The Monaco royal marriage did not get the featured spot in the Times’ wedding section, which is called “Vows” and is ever a gold mine of joyous moments in courtship. This week’s “Vows” was given over to Laura Hwang, a classical viola player and former cashier at Blue Apron Foods in Brooklyn who married Steve Rosenbush, a business writer. Steve had to spend up to $100 a visit getting to know Laura because obviously it’s tricky to chat up a cashier with an impatient lineup behind you. They were married by a Universal Life minister, an unfamiliar denomination but apparently used by almost every American Jewish person who marries a non-Jewish person.
By Brian Bethune - Thursday, July 7, 2011 at 11:30 AM - 9 Comments
How a present from the Harpers—a historic copy of Maclean’s—links this tour with the one in 1939
All in all, it does make a charming souvenir gift. Just ask the Prime Minister. A copy of Maclean’s May 15, 1939, souvenir edition of the 27-day royal visit made by King George VI and his consort Queen Elizabeth—Prince William’s great-grandparents—formed part of a personal gift from Stephen Harper and his wife, Laureen, to the prince and his wife, Kate, on the occasion of their current visit to Canada. (The gift also included a copy of Chatelaine of similar vintage.) The 1939 royal tour of Canada, the first ever visit of a reigning monarch to the Crown’s senior dominion, was like no other royal visit before it, and Maclean’s, naturally, treated it as such.
In many ways the souvenir issue, with the king’s portrait on its cover, set the template for the magazine’s coverage of royal visits ever since. That included printing the Queen’s portrait first, on the cover of the otherwise business-as-usual May 1 issue: early recognition that the royal women, whether as rulers or consorts, from Elizabeth II to Diana, princess of Wales to Catherine, duchess of Cambridge, have always been the stars of the show. Photos were a huge part of the special edition, including a shot of the two royal children, who had been left at home for this arduous cross-continental odyssey: princesses Elizabeth and Margaret Rose, seated at a piano.
But it wasn’t just that George VI was a reigning king that infused his arrival with historical significance, but rather how—by what right—he was reigning over us. In 1937, King George, the first monarch crowned since the 1931 Statute of Westminster established the full independence of the self-governing dominions, was also the first to swear in his coronation oath to govern Canada by its own laws and customs. The monarchy was now the final institutional glue holding the Empire (soon to be Commonwealth) together. Although not yet formally king of Canada—that legal change in title didn’t occur until his daughter’s reign—George was very much coming to his dominion in that capacity. The tour marked another step, both real and symbolic, on the long road to equality between motherland and former colony that had, so far, stretched from the Canadian Corps’ victory at Vimy Ridge in 1917 through Canada’s seat at the Versailles peace treaty negotiations two years later and the Westminster statute and the coronation oath.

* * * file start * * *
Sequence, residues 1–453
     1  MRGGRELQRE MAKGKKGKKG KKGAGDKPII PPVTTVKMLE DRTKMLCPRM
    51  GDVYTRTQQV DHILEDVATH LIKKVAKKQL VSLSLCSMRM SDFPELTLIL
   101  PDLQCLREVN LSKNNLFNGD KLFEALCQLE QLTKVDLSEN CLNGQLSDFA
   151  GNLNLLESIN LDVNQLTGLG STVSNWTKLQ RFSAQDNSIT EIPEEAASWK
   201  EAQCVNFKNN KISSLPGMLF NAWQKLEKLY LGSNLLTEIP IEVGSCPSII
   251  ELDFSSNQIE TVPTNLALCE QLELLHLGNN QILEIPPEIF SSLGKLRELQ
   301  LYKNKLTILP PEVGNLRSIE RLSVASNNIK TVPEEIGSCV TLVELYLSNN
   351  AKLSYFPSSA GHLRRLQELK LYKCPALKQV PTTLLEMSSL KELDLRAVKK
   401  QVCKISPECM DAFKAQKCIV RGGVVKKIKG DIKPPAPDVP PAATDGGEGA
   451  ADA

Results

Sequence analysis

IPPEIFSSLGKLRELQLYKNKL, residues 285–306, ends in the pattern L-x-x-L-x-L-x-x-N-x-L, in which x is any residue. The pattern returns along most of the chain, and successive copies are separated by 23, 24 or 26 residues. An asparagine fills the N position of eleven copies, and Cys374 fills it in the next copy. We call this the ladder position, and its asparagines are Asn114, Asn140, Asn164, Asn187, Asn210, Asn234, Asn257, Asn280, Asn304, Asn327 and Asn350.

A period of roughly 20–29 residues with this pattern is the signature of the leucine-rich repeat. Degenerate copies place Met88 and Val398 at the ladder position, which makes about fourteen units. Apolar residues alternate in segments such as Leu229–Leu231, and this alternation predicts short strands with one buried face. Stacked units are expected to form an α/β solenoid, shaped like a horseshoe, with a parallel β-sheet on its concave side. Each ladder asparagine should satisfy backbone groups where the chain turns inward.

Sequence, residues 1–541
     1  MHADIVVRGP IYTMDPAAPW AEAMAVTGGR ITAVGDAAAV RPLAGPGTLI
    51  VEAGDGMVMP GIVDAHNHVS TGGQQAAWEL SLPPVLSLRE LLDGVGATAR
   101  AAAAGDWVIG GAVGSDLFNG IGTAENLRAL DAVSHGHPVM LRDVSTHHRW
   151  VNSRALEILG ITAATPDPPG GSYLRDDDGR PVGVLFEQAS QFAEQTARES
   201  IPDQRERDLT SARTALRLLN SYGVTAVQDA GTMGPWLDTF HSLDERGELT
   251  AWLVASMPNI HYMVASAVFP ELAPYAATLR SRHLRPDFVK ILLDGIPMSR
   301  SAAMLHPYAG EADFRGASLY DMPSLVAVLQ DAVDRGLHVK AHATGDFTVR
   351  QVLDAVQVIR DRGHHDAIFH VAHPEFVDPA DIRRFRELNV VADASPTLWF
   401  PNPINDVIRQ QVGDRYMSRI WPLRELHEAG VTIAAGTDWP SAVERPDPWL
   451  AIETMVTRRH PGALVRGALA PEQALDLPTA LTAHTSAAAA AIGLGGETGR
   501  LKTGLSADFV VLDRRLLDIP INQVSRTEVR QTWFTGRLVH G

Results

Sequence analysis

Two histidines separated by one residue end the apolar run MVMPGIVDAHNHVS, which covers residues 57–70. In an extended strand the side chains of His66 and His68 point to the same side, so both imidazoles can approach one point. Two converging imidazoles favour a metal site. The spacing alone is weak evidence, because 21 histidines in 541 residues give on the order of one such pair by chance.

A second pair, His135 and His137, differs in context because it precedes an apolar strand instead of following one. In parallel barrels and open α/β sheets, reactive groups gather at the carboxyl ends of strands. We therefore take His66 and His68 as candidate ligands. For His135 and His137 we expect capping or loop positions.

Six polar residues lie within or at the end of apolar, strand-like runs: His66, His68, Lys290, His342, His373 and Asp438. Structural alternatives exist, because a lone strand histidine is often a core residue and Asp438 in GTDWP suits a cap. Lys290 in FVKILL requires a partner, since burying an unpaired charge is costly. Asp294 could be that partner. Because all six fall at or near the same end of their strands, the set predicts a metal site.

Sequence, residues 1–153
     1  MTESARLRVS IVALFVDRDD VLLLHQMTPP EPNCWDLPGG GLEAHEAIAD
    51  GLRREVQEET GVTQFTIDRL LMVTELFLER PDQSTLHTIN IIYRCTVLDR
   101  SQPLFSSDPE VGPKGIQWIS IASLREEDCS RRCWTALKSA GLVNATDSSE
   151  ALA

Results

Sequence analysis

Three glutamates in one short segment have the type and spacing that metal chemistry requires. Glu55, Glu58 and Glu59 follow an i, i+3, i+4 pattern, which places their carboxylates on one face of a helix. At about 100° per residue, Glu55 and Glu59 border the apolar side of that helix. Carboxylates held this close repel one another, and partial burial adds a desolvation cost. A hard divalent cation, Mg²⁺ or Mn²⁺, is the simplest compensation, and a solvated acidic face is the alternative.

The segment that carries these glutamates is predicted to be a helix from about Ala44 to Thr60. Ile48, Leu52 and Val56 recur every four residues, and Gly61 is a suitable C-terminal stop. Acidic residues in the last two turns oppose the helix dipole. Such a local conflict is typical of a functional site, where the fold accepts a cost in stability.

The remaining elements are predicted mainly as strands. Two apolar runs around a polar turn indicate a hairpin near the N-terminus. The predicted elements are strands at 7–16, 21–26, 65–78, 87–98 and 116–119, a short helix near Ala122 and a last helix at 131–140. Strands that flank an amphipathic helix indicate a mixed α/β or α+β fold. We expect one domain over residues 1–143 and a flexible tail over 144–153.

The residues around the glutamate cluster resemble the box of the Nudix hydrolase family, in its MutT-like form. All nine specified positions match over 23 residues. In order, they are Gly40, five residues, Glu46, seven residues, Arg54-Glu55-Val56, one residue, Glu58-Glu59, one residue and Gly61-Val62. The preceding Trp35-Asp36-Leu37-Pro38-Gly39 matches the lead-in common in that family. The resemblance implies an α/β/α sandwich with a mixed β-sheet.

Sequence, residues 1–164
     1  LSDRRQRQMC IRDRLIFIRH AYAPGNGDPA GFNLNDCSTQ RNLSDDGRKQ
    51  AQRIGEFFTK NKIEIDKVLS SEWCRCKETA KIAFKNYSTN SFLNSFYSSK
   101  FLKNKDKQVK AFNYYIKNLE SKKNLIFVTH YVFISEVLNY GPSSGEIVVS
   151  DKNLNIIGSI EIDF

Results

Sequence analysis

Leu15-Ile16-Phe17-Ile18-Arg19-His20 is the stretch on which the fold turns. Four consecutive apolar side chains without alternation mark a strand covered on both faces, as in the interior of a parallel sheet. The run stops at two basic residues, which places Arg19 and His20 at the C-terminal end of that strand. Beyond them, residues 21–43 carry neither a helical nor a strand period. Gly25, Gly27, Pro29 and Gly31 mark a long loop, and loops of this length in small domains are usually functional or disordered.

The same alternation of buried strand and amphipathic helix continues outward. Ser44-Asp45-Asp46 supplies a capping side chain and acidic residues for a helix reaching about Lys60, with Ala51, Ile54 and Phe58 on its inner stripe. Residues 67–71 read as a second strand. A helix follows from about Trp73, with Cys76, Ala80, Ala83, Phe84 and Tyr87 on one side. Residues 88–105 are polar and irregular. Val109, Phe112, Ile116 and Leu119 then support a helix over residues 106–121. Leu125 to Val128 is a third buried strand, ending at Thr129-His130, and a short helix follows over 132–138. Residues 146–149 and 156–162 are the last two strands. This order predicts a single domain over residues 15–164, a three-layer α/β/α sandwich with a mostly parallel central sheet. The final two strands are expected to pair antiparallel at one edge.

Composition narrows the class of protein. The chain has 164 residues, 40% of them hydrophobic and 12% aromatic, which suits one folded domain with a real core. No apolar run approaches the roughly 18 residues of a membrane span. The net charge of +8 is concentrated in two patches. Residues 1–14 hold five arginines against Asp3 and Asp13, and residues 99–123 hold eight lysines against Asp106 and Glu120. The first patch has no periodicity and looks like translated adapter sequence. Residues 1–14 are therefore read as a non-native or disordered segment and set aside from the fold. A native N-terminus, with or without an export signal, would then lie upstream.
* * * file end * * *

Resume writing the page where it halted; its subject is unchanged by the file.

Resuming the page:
By Rosemary Counter - Thursday, July 7, 2011 at 8:00 AM - 1 Comment
You’d hardly know the Duchess of Cambridge isn’t tweeting judging by the number of imposters
On May 18th, @DuchessKateM published her first tweet. “Thanks for this Sweet Welcome. It’s my Official Twitter and I’m really happy to be here with you,” she wrote. Just five days later, @DukeWilliam1 was appeared on the social media site. Before long, @middletonpippa was talking fashion (“Green Dress for you? xx”) and @PrinceHarryofW was missing his mum. It’s a rare occurrence to see royal reality as such, and like most reality entertainment, it’s fake.
But like the so-called Duchess’ more than 13,000 other followers, I don’t care. For weeks I’d been enthusiastically following the (unofficial) “Real Twitter Account of The Duchess Catherine Elizabeth Middleton” and hanging off every tweet: “I really love the royal family. It’s a really good family” or “Thanks for Visit UK @BarackObama!” I even eavesdropped on a royal birthday wish to her handsome hubby (“Happy Birthday to my Husband !! You are the best of my life !! Our first birthday together after the wedding !! I Love you, Catherine xx”). Avid voyeurs rejoiced.